The virtual cuboid 14 is generated by making use of minimum distance depth map M and by 3-D coordinates of the eight vertices of the vehicle as illustrated in FIG. 6. Initially a cuboid 14 is created with the minimum distance map M and is changed in the respective direction where the same or other obstacle distance from the camera center is shortened. Any obstacle O coming into the virtual cuboid 14 is, by definition, to be avoided by the vehicle 10.

The rotational velocity ωc of the camera 12 depends upon a relative velocity {right arrow over (ν)}νo between the obstacles O1-N and the vehicle 10. If the vehicle 10 is moving, the angular velocity ωc of the camera 12 also depends on the translation {right arrow over (ν)}ν/rotational ωv velocity of the vehicle 10. The three-dimensional virtual cuboid 14 moves and changes with the relative position {right arrow over (d)}νo of the vehicle 10 and obstacles O. In case there are several obstacles O1-N, the mean positional value of the obstacles is calculated. The cuboid 14 is used to direct a control mechanism of the vehicle 10 to steer it about any object that may be a static/moving obstacle O relative to the vehicle 10. A look up table could be used to adjust various parameters, as can kinematic motion equations to calculate the approach velocity of the obstacle.

If an obstacle O is static relative to the vehicle 10, the velocity of the obstacle {right arrow over (ν)}o is measured with respect to an absolute origin independent of the vehicle motion or object motion. The new reference coordinate system will follow the velocity vector {right arrow over (ν)}ν (18) of the vehicle 10 (using a manipulation of the camera space, described below).

In the case when the cuboidal walls 16 change position, which means that there has been a relative motion {right arrow over (d)}νo between the obstacles O and the vehicle 10, the camera sensory mechanism 12 informs a vehicle control mechanism (e.g., a steering mechanism and/or accelerator, brake) so that it can determine a probability of collision, which is then interpreted by a user for controlling the vehicle 10. An exact determination could only be made if the system works perfectly—this cannot be so, since there could be a sudden change in the movement of the obstacle O which could reduce or increase the risk of collision. An approach vector for a safer path is adjusted by using a camera space manipulation to avoid colliding with the obstacles.

This technique not only makes use of the algorithmic nature of monocular vision but also makes use of the qualitative nature of biological vision, e.g., by making use of depth maps for avoiding the collision, and providing an estimation of the collision risk. Advantages include:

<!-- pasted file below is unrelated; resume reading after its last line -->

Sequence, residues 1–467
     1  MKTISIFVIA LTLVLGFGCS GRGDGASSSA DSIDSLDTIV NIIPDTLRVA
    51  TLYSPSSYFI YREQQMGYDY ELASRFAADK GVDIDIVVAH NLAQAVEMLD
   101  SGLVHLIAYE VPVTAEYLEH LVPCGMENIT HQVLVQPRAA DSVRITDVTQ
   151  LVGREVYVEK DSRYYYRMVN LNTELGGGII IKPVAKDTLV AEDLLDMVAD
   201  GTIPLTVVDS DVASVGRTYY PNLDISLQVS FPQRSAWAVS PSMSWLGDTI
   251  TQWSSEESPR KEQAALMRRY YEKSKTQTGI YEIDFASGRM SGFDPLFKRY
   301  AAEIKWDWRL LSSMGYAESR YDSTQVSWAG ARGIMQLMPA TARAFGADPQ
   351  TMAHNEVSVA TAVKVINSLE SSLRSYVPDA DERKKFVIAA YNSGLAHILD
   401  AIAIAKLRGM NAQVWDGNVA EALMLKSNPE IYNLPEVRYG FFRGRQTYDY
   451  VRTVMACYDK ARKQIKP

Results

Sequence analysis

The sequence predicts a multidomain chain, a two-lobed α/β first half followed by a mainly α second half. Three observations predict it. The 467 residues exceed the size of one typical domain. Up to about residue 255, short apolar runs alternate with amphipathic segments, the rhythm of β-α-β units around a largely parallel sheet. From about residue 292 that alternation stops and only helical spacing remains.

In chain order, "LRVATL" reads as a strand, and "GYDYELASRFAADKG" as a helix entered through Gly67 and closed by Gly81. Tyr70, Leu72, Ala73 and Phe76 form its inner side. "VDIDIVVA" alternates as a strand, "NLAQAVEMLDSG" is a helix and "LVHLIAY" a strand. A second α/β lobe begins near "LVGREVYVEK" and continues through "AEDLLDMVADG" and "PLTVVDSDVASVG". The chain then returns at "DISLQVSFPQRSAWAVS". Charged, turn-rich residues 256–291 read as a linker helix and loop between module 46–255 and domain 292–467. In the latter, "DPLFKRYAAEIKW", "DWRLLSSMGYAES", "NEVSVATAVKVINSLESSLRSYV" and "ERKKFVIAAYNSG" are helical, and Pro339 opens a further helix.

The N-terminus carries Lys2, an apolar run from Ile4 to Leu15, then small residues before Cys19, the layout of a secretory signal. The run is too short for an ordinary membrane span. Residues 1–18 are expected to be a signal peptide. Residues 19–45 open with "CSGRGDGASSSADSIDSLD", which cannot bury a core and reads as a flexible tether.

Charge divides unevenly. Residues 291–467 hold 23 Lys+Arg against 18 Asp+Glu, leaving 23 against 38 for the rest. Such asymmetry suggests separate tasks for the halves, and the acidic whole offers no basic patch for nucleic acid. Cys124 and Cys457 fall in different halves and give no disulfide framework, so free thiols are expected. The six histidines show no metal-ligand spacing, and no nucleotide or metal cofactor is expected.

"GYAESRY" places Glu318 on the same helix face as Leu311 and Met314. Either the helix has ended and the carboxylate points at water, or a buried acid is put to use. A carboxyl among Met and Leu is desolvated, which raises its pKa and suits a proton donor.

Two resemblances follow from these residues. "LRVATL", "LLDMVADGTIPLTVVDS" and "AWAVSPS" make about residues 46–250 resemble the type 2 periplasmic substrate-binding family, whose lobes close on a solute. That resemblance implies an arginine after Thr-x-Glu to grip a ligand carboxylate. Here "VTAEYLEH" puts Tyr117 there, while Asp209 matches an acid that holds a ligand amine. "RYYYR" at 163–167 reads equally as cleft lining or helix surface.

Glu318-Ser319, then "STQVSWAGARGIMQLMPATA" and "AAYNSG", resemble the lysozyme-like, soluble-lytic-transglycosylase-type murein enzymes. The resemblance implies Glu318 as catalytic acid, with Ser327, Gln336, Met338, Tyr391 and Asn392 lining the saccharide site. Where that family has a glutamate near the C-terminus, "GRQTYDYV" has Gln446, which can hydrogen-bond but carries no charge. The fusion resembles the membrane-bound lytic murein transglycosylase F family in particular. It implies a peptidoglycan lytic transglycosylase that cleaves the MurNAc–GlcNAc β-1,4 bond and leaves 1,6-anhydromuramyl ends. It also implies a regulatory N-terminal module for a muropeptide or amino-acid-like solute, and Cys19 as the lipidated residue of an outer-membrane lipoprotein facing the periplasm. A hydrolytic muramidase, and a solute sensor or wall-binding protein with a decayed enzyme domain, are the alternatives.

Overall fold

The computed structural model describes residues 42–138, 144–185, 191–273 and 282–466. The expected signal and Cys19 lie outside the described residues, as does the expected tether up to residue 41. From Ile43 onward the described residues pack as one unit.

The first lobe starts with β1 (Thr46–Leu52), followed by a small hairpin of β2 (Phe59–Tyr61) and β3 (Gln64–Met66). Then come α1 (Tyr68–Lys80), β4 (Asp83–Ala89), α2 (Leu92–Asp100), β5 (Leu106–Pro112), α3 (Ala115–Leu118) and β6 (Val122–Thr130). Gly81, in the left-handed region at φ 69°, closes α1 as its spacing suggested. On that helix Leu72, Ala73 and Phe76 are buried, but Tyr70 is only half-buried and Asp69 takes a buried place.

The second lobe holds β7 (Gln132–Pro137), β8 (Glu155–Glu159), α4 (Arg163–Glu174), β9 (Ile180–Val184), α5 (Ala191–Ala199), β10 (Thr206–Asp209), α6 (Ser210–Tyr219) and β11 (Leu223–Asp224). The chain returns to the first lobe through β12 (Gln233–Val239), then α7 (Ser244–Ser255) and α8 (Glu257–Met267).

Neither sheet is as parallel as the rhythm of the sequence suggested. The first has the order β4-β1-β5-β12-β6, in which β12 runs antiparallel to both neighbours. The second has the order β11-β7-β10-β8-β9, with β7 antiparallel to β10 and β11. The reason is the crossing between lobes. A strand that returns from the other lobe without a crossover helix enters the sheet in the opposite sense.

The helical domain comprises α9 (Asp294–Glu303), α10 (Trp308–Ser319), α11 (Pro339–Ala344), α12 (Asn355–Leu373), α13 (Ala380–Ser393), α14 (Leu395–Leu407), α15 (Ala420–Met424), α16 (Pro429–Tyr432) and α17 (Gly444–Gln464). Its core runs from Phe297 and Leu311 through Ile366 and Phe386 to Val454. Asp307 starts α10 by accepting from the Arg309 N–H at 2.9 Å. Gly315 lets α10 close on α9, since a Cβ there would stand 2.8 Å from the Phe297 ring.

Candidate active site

• there is no need for auxiliary range sensors; only a single monocular camera is used for the generation of a cuboidal structure;
    • a compact and simple design is possible; and
    • applications are possible in the area of: 1) tools for medical intervention, e.g., controlling the path of a catheter or a pill controlled by magnetic fields for minimum invasive surgery; 2) robotics and automation, e.g., guiding robotic arms to a particular position or avoiding objects; 3) insertion of synthetic objects into the natural environment using depth maps and panorama images; and 4) 2-D and 3-D games.

Although the term “vehicle” is used in the description below, this term is to be understood as any moving object, including objects associated with the applications identified in the preceding paragraph.

In more detail, a monocular camera 12 is mounted on top of the vehicle 10 with a rotational mechanism so as to generate a 360° view (in this case, the radius of the image plane center to the camera rotational center is greater than zero in order to extract the depth information).

Initially, the cuboids 14 are generated, where the sides of the cuboids are constructed by the 360° rotation of the monocular camera 12, which obtains depth information within the scene.

The rotational velocity ωc of the camera 12 depends upon the velocity {right arrow over (ν)}ν of the vehicle 10 and relative velocity {right arrow over (ν)}νo of the obstacle O. The size of the cube 14 depends upon the relative velocity {right arrow over (ν)}νo 1-N of the vehicle 10 and obstacles O1-N in every direction. The relative velocity {right arrow over (ν)}νo 1-N also affects the rotational velocity ωc of the camera 12 for bringing accurate control to the system.

FIG. 7 illustrates how various layers, e.g., layer one 22 and layer two 24 are generated within the cuboid 14. These layers 22, 24 are made corresponding to a depth defined as distance from a particular vehicle 10 edge. When the vehicle 10 crosses a threshold 26 defining a predetermined safe distance from a particular obstacle O, a warning signal is sent to the control mechanism of the vehicle 10 and the vehicle 10 changes its velocity vector {right arrow over (ν)}ν in order to avoid a collision with the obstacle O. The layer thicknesses may be variable in order to improve the safety mechanism of the vehicle 10; where more safety is required, a thicker layer may be utilized.